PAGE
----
Islam and Feminisms: An Iranian Case-Study
ISLAM AND FEMINISMS – Book Sample
Islamist Women in Iran
The widespread support given by Iranian women to Islam, and its revolutionary ardour in the 1970s, heralded what has become known as ‘feminist fundamentalism’ (Hoffman 1985; Ahmed 1992; Afshar 1994, 1996).
it is the culmination of over a century-long critical engagement by Islamist women with Western liberal and Marxist feminist perspectives. Islamist women daim to have carved their own patlı to liberation (Rahnavard n.d.; Rezayi 1979; Mernissi 1995).
They argue that by returning to the sources of Islam, they are able to reinterpret the text of the Koran and the practices of the faith, sunna, to create a preferable, alternative, ‘correct’ patlı for women at the end of the twentieth century (Zin al-Din 1928; Ahmed 1992; Bouthanian 1995; Hoffman 1995).
They advocate gender complement arity rather than equality as a means of serving their faith and living fulfilling lives. They note that Islam demands respect for women and accommodates their different life-choices. it offers them the opportunity to be scholarly, educated and gainfully employed, while at the same time provides an honoured space for those who choose to become mothers, wives and home-makers.
lslamist women argue that, unlike Marxism, capitalism and much of feminist discourse, Islam recognises the importance of women’s life-cycles; they have been given different roles and responsibilities at different times of their lives and at each and every stage they are valued and respected for what they do.
Islam at its inception provided them with exemplary role-models and has delineated a patlı that can be followed honour ably by ali. in Iran they have claimed that Islam can be a liberating force.
However, in practice, the process of Islamist liberation has been far from easy for Iranian women. This is because of the political marginalisation of women in the early post-revolutionary days and the supremacy granted by the lslamic Republic’s Constitution to men, in both their personal and public lives (Omid 1994).
The preamble to the Constitution states clearly that men and women are not equal. Women are said to have been ‘freed’ of the objectification imposed on them by the West, given the ‘critical duty’ of motherhood, and placed firmly in the home. They are to guard the family, which was declared to be the fundamental basis of the Islamic Republic (Article 10).
in March 1979, a month after his return to Iran, Khomeini sacked all female judges and ordered the compulsory veiling of women. in May of the same year co-education was banned. in June married girls were barred from attending school, and the government began closing down workplace nurseries. in July seaside resorts were sexually segregated and women flogged in public for moral and dress code transgressions.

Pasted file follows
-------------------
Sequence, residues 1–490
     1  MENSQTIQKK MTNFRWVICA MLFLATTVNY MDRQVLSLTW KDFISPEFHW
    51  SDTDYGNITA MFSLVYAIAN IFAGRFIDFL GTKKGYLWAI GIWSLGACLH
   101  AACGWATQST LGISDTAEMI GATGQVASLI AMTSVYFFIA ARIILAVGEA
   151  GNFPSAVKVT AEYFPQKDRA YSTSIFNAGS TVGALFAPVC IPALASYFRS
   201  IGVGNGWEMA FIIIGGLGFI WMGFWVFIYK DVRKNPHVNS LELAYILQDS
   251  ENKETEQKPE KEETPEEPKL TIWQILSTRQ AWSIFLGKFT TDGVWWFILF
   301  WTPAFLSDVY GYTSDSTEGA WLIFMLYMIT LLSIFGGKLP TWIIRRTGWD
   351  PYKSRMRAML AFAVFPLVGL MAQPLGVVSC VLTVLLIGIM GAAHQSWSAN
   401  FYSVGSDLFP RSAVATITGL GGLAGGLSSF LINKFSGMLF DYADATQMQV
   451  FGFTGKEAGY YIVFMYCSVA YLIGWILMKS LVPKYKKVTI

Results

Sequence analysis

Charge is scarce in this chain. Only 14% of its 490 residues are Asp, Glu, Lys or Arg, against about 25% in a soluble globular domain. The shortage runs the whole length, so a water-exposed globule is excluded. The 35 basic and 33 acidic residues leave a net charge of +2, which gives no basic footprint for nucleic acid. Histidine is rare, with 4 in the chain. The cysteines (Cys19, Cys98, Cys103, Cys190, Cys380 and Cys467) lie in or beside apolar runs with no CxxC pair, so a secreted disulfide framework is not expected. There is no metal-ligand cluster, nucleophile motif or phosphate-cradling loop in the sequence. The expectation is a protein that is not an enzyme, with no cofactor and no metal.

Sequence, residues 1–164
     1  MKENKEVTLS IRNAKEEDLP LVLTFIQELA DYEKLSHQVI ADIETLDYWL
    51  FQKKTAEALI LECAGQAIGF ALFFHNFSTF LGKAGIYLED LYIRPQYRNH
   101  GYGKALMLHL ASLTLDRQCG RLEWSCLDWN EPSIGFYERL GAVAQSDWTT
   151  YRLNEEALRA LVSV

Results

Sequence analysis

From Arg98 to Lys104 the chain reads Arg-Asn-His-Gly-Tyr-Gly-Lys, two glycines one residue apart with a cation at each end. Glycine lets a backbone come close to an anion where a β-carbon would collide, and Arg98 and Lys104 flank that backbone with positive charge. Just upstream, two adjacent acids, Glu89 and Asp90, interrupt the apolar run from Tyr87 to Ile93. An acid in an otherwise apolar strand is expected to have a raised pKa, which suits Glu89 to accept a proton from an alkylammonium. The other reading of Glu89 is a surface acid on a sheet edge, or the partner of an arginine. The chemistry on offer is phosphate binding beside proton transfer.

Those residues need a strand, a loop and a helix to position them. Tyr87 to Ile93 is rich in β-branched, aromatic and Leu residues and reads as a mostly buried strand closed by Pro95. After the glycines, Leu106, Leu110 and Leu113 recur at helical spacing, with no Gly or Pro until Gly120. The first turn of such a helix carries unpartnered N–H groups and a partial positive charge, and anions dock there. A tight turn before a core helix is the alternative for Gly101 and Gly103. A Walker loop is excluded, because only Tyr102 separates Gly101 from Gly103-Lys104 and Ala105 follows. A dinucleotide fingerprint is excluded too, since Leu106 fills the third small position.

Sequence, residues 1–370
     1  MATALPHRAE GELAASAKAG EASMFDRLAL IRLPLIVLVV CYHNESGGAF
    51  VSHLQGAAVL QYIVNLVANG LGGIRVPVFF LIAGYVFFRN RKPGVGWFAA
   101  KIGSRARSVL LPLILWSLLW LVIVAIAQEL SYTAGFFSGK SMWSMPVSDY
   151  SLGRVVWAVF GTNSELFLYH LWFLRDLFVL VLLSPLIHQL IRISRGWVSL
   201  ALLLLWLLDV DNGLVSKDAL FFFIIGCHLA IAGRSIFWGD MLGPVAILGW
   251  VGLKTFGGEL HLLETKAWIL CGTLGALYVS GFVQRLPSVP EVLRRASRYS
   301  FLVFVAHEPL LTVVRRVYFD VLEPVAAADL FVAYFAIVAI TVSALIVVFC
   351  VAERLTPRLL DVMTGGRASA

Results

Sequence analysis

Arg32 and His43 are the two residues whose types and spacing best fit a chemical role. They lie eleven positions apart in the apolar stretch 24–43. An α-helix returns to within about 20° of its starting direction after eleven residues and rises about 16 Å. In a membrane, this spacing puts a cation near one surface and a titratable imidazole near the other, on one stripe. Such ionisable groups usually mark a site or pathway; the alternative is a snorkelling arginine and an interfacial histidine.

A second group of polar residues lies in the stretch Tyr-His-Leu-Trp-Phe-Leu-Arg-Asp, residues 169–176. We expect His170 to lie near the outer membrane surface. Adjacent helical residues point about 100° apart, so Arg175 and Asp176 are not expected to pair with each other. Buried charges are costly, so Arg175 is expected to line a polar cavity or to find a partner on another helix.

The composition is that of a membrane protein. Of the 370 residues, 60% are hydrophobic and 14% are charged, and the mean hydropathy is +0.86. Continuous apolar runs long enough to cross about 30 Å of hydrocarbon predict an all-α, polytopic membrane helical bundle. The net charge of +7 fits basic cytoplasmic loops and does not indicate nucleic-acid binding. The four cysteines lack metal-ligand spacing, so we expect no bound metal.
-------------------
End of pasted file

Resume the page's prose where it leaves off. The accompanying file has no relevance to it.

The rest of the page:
For the first time in twentieth-century Iranian history women were executed for prostitution and moral degradation. By October the government was dismantling the checks placed on men by over 50 years of struggles to revise the personal laws; men thereby regained the unreciprocated right to polygamy, to unilateral divorce on demand, and to prevent their wives from undertaking paid employment.
The official age of marriage for women was reduced from 18 to 13 and men regained automatic custody of their children after divorce.
THE RECONSTRUCTION OF POST-REVOLUTIONARY ISLAMISM
Despite the radical losses in law and civil liberties, continuous strug gles by elite Iranian women have stemmed the tide of the legal erosions and have overturned some of the more Draconian measures. Since they have become the public face of the state (Chhachhi 1991; Afshar 1982, 1992) and the standard-bearers of public morality, women are in a relatively strong position to demand commensurate rewards.
The government in Iran presents its approach to women as a template for other Islamic nations to follow. it argues that Islam has granted women a high status, that their independent Islamic eco nomic and social rights are enshrined in the holy text of the Koran, and are therefore permanent.
Although the Islamic government pro jects its position on women’s rights as that of the universalist, eternal Islam and its people, umma (Mottahari 1980), in reality, these rights are subject to a post-Islamic reconstruction, which is stili undergoing intense negotiations (Kandiyoti 1988) between Islamist Iranian elite women (Moghissi 1996) and their government.
The divitle is almost, though not entirely, along the traditional nature/nurture lines. The old-established religious leaders, ulama, and jurisconsults, foqha, from Ayatollahs Khomeini and Mottahari to Hojatoleslam Khamenieyi have, almost universally, opted for disempowering interpretations centred on the ‘natural sensitivity and
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